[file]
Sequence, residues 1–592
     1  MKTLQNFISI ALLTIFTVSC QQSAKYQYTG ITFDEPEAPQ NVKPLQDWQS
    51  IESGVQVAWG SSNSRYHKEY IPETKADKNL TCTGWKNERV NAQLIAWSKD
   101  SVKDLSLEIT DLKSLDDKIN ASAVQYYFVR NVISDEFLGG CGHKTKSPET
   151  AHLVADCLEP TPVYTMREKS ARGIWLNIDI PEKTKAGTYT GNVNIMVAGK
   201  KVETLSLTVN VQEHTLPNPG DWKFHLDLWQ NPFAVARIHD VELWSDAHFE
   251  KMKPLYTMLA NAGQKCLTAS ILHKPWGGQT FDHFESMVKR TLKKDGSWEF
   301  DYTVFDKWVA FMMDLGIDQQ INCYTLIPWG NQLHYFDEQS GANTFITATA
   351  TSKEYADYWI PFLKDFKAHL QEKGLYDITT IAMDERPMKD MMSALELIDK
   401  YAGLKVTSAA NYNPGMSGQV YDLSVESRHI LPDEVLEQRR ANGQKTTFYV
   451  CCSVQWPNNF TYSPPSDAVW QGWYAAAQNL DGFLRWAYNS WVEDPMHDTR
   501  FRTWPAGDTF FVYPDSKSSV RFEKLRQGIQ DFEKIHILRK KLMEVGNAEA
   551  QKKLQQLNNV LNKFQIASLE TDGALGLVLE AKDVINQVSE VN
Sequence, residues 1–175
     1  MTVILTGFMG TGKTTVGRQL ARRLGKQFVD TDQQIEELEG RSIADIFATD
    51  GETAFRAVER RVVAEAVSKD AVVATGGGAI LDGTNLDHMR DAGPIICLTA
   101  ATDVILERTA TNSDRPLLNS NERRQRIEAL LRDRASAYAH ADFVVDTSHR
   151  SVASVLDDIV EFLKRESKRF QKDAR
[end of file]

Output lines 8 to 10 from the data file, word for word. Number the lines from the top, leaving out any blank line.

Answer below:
   301  DYTVFDKWVA FMMDLGIDQQ INCYTLIPWG NQLHYFDEQS GANTFITATA
   351  TSKEYADYWI PFLKDFKAHL QEKGLYDITT IAMDERPMKD MMSALELIDK
   401  YAGLKVTSAA NYNPGMSGQV YDLSVESRHI LPDEVLEQRR ANGQKTTFYV